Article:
As you enter the village Dacre Castle comes into view. Edward 11 granted Lord Dacre the licence to build a fortified castle in 1307. The castle remained in the Dacre family until after the death of Lord Dacre, Earl of Sussex, who lived an extravagant life at Court having married an illegitimate daughter of Charles 11. The castle and extensive lands were purchased in 1715 from his Trustees by Sir Christopher Musgrave. Whose daughter Julia married Edward Hasell, when he transferred the Dacre lands to his son-in-law. Since that time the castle has remained part of the Dalemain Estates. The castle is a private house and is not open to the public.
The village has a delightful little church St Andrew that is very closely connected to the Hasell family. There are many family memorials inside, not least of which is a delightful window in the chancel engraved by Sir Lawrence Whistler, and dedicated to the memory of Mrs Sylvia McCosh of Dalemain. The new pipe organ is also dedicated to Mrs McCosh: before her death in 1991 she was instrumental in starting the campaign to replace the 19th century organ that had been removed in the 1970s. Following extensive fundraising the new organ was finally installed in 2002. In the churchyard stand four stone bears one at each corner of the church.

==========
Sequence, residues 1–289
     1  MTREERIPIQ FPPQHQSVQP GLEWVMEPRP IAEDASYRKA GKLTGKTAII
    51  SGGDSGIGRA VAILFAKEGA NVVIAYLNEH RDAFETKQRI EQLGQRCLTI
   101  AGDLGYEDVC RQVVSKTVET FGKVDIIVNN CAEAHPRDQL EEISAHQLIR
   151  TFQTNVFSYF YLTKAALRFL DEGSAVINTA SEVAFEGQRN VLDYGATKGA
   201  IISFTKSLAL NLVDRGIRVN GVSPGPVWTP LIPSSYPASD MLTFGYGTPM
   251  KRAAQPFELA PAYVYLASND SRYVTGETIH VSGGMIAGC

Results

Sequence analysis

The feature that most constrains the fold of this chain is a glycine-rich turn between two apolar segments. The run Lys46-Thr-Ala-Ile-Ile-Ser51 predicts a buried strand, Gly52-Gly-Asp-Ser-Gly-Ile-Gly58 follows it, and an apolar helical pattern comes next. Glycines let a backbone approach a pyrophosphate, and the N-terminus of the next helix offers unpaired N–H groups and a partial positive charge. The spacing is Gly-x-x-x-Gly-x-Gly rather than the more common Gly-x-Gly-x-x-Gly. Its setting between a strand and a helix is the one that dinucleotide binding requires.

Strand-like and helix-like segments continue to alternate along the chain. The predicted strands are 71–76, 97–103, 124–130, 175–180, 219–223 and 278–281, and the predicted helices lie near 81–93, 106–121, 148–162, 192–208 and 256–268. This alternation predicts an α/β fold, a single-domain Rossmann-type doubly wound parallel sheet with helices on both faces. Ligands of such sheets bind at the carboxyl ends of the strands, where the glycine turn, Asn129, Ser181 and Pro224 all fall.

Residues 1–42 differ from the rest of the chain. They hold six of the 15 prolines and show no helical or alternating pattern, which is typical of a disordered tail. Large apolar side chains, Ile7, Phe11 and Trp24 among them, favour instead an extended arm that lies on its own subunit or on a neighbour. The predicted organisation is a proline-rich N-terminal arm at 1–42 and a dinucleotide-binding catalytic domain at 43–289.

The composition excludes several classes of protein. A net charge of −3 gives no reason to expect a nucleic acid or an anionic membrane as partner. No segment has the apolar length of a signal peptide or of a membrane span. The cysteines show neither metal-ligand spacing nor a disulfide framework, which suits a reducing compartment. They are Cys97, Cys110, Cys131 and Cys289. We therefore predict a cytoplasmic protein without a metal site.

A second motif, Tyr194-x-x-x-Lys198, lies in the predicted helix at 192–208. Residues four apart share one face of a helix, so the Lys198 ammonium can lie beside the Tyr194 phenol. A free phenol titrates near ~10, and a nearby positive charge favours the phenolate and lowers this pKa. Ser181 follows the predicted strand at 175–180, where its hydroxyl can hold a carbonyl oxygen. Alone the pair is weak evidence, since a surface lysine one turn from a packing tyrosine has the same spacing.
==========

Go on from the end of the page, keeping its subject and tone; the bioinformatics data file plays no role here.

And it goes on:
The lock on the south door of the church is one of Lady Anne Clifford’s (note the ‘AP’ for Anne Pembroke). She made presents of locks to many people and properties in the area– all of which were made by Dent of Kirkby Stephen and this must be one of the largest. There is another Lady Anne Clifford lock on the front door of Dalemain, which was in fact in use until just a few years ago.
A further remnant of days gone by is the village’s 18th century coaching inn, The Horse & Farrier.